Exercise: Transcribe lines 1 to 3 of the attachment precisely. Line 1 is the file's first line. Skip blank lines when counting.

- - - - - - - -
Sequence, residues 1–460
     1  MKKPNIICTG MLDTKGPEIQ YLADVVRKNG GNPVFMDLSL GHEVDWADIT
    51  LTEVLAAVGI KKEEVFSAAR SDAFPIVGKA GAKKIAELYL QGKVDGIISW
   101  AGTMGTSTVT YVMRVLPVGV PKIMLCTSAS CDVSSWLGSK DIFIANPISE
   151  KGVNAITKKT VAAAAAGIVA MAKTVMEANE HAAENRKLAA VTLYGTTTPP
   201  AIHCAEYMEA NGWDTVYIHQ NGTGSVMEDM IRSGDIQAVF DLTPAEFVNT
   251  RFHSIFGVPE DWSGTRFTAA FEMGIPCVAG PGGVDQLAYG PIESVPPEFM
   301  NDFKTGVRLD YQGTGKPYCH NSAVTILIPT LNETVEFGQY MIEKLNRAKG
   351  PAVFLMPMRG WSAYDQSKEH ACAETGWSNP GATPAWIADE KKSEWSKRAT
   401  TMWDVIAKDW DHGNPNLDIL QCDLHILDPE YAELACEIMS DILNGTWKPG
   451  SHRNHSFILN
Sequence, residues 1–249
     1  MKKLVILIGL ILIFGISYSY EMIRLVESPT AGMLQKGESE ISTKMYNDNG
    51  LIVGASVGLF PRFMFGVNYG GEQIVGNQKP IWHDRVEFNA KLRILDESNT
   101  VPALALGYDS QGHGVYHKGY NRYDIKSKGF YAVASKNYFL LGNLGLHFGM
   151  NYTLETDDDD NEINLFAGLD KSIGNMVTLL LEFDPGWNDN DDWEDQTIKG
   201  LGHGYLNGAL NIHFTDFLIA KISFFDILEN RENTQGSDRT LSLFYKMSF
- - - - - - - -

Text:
Sequence, residues 1–460
     1  MKKPNIICTG MLDTKGPEIQ YLADVVRKNG GNPVFMDLSL GHEVDWADIT
    51  LTEVLAAVGI KKEEVFSAAR SDAFPIVGKA GAKKIAELYL QGKVDGIISW